It's safe to say Chenal-gate was the result of Horne's trying to keep his relationship with his employee hush-hush. (Horne's married, natch.) Horne was so paranoid that he had Hinchey interview scores of employees as well as rifle through state phone records on the hunt for my cell phone number.
So stupid, and such a waste of time and money. But that's what you get when you hire your alleged mistress to a state job paying $108K. No doubt, Horne's hoping that Chenal's departure will make this less of an issue during his re-election campaign.
It may, but only slightly. People might forget about it in the interim, but his opponents certainly will remind folks when the time is ripe. And all they need do is use what's in the public record.
(Note: It's worth mentioning that both Wilenchik and his wife Becky Bartness each gave $840 in 2010 to Horne's campaign for AG, a total of $1,680 for the pair. Additionally, Wilenchik has had Horne on his talk radio program "Legal-ease" at least six times over the years. Will be interesting to see if Wilenchik's firm scores work as outside counsel for the AG's office. According to the AG's PIO, Wilenchik has not done work for the AG under Horne, yet.)
Below is my recent e-mail correspondence with AG public information officer Stephanie Grisham regarding Chenal's achievements as Assistant Attorney General under Tom Horne:
On Fri, Jun 28, 2013 at 10:32 AM, Grisham, Stephanie wrote:
Carmen is still working at the AG's Office, but has put her notice in, as she plans to resume the private practice of law. Her last day is Friday, July 5th. It is anticipated that her financial compensation will be substantially higher in the long run then would have been possible as a public lawyer.
Speaking personally, this is a big loss to the Office. Ms. Chenal did a lot more than the typical workload of a single employee. Her skill, hard work, and positive attitude in the toughest of situations will be sorely missed. I'm not sure I've seen you cover the actual work she does here, and though you didn't ask, I feel it is important that you know:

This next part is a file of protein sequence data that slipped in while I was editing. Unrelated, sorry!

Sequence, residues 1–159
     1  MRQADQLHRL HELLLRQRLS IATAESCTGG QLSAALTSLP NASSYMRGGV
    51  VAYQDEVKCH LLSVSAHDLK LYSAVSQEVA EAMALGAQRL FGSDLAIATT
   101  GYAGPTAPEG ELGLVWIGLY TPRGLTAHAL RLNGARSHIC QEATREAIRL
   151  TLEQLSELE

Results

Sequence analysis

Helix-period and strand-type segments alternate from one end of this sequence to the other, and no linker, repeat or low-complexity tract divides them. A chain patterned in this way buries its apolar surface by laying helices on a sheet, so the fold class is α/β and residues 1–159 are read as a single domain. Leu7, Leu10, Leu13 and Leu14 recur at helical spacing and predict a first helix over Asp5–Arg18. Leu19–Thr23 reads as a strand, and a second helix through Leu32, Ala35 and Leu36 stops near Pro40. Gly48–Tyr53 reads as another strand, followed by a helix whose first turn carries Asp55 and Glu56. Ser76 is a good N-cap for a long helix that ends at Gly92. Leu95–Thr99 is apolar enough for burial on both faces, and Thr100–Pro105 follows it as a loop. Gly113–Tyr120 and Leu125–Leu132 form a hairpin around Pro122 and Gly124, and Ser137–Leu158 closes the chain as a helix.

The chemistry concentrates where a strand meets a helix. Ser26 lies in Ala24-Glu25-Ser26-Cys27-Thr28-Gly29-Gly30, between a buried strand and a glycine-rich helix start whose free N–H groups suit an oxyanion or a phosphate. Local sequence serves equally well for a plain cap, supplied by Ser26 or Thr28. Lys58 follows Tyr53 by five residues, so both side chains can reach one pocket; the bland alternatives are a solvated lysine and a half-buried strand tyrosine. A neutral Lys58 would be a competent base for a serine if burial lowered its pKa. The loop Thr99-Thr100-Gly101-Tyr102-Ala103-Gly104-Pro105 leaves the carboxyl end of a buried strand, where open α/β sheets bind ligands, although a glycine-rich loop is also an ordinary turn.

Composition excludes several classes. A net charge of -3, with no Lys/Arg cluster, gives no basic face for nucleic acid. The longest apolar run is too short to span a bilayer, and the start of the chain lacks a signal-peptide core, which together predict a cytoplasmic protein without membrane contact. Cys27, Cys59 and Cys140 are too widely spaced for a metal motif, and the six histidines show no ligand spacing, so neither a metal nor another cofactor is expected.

In the Attorney General's Office she has four areas of responsibility: First, she carried a full load of approximately 40 criminal prosecution cases, and most weeks was in court almost every day.
Second, she was responsible for foreign extraditions, and recently successfully extradited a high ranking drug cartel member.
Third, she was responsible for Strategic Planning for the entire agency, which required over 50 meetings with each section of the office, to develop and revise the Strategic Plan.
Fourth, because she is fluent in Spanish, she was active in teaching Mexican prosecutors how to conduct oral trials. Mexico is in the process of changing from a written process of trying cases, to oral trials which require similar skills as criminal trials in the United States. Mexican prosecutors have no experience trying cases. Ms. Chenal created and participated in Seminars to teach prosecutors from Mexican states, including teaching opening statements, direct and cross examination, closing arguments, and trial practice in general.
If you choose to write about the departure of one employee at the AG's Office, I will be very interested to see what you use from this e-mail.
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Thank much, Stephen, holler with further questions.
From: Stephen Lemons Sent: Friday, June 28, 2013 10:40 AM To: Grisham, Stephanie
I appreciate the info. Sadly, whatever good Ms. Chenal may or may not have done is canceled out by the fact she is or was Horne's alleged mistress. If Horne was a private attorney, that would be fine, I guess. But as he is (supposedly) a public servant, this is a big no-no.